B.     If we broke it down into what this money is actually for, we could write down numerous things.

1.       Benevolence: doing good for saints. If you remember, 12% of Americans are at the poverty level, which means we will have members in need at some time and we can help them.

2.       Evangelism: this includes local preacher support, foreign preacher support, Dial-A-Devotion, materials used to teach the gospel, advertising, etc.

3.       Edification: this includes the building in which we assemble for encouragement and edification, materials for Bible classes, preachers we invite to conduct special series to help us grow, songbooks, pew Bibles, etc.

4.       If we wanted to be most accurate, we would write “saving souls.” In all accounts our collection is for the purpose of converting the lost, strengthening the saved and helping our brethren in need, it is all about getting everyone to heaven.

C.     Far too often, people back off on their giving because this line is empty for them. To them giving is not for anything; it is just something we are supposed to do. They recognize a need when there is something special like a building project. Filling in this line helps us see there is a need. Our need is not just to meet our budget. We have some plans, but imagine what we could do if we were at the 10% figure we learned about a few minutes ago. How many preachers could we support in Russia and Africa with another $180,000 every year? We could support another full-time worker here. We could host a preacher training program. We could conduct a radio or television program. We could do so much. The work this congregation can support will always be limited by the sum total of what each of us gives. As each of us becomes more devoted to giving, our work ability increases. Do not leave this line blank.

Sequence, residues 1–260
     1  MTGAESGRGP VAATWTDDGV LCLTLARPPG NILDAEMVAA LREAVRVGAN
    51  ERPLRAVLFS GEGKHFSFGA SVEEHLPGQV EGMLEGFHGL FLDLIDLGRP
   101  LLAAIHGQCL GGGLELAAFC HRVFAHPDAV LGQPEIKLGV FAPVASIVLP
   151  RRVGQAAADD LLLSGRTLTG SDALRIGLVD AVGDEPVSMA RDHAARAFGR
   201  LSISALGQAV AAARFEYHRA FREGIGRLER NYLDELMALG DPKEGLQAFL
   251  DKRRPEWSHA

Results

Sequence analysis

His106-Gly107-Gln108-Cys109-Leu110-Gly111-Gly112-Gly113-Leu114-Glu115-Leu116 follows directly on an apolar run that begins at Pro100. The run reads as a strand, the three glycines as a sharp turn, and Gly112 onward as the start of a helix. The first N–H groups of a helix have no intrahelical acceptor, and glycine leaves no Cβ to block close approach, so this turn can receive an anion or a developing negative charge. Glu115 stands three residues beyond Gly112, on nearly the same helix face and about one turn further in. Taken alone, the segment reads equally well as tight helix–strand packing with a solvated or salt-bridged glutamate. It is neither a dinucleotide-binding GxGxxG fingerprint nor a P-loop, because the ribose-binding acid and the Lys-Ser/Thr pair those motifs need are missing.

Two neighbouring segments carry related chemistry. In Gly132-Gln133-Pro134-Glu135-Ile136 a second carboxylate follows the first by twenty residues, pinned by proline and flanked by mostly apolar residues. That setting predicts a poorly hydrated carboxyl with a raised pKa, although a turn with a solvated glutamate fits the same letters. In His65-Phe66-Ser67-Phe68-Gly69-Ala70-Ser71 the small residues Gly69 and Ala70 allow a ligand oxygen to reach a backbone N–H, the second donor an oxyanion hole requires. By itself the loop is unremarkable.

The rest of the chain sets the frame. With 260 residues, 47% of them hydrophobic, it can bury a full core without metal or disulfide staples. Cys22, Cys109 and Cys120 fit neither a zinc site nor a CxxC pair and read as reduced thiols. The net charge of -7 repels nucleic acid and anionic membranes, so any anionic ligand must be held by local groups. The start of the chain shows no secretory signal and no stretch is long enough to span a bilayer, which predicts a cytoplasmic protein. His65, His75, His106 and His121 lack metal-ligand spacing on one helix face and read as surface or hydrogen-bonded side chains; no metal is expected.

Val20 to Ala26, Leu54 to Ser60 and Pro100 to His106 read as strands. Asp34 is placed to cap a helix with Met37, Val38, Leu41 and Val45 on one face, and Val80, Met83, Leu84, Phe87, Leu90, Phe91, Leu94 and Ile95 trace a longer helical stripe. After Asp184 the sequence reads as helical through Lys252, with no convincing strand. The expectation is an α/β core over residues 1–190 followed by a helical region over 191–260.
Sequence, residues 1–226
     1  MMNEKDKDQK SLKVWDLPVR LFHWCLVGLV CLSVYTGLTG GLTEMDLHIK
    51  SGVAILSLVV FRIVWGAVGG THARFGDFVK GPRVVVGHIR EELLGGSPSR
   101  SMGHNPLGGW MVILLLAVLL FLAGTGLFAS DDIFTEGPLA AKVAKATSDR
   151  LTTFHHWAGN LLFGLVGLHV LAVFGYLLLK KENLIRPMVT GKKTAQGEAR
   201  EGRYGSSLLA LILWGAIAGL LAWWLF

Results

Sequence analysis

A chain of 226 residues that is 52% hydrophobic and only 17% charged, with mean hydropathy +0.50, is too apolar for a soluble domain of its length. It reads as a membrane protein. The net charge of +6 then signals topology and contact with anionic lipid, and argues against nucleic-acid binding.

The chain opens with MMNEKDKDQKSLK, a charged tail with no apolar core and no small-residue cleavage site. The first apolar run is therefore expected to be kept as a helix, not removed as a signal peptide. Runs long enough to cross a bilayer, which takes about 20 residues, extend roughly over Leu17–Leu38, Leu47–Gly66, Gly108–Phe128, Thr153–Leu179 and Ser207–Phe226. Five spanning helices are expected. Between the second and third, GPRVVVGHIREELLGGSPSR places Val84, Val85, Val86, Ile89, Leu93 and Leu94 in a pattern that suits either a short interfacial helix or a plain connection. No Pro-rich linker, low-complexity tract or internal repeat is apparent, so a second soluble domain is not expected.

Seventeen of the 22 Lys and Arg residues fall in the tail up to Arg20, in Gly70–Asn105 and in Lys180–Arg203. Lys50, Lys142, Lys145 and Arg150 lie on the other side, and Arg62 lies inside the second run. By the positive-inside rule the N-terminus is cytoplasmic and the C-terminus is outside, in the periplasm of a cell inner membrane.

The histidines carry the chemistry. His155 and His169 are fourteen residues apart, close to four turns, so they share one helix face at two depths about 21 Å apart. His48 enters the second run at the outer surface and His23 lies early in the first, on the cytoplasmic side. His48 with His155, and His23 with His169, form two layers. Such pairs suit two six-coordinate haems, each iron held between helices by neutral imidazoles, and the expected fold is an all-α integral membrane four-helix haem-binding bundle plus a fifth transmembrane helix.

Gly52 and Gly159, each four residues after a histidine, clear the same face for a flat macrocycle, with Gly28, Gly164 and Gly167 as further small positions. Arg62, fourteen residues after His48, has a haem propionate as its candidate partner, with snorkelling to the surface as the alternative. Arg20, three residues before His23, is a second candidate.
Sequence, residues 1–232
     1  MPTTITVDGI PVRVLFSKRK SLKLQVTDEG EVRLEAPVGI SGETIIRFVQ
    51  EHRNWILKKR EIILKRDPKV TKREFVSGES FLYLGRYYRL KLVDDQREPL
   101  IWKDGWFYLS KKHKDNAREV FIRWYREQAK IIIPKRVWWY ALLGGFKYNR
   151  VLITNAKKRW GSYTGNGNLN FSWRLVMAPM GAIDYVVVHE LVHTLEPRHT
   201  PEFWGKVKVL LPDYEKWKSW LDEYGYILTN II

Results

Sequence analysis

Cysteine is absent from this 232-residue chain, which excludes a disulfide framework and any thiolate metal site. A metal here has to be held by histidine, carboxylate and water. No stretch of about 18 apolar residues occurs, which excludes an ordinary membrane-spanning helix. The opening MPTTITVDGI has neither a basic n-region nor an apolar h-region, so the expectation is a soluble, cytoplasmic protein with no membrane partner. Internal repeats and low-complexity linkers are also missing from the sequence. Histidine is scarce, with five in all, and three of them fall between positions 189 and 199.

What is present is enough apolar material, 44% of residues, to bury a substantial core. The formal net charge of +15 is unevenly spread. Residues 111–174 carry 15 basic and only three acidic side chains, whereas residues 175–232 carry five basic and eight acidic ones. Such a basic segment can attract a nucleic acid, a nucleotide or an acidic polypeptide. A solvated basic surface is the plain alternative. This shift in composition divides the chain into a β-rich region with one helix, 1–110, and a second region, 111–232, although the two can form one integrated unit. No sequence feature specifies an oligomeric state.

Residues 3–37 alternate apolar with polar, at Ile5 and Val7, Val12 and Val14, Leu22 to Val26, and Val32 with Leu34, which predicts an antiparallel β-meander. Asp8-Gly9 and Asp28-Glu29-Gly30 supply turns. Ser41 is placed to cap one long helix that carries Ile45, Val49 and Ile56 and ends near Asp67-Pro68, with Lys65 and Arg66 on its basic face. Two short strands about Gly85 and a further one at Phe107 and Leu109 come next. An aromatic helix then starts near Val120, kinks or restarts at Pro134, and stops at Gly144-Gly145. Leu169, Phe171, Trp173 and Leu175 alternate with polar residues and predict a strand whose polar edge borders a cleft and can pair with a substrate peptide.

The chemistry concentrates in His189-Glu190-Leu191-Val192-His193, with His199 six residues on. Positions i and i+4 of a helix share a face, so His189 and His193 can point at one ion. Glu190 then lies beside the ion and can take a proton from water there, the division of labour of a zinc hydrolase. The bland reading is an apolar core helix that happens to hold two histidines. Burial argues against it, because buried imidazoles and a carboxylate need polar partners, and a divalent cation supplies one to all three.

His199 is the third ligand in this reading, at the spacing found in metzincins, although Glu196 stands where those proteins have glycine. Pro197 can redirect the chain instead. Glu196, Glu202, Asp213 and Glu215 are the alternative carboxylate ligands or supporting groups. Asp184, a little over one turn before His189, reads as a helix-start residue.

V.      The signature.

A.      This is the final part of writing the check. It may seem like an unimportant line. But we learn from this line as well. When we put our signature on the line, we are entering into a contract with God. We are saying that everything else on this check is about us and our personal devotion to God and to worship.

B.     What is on this check is between you and God. It is not you saying anything to anyone else. It is your personal contract with the Lord that you are giving back to Him based on His blessings to you. How thankful are you for what God has done for you?


      While this topic is a fearful one for me, we must learn about it. Giving is worship. It is sacrificing to God. It is honoring God. It is thanking God. Certainly, I am partially motivated because there is so much we could do as a congregation if our contribution was higher. But the main motivation to preach this lesson is our spiritual growth as individual Christians to be more devoted to God and to worship. God does not need us to give. We need to give to be like God and to honor God.


Glory to God in the church by Christ Jesus
Franklin Church of Christ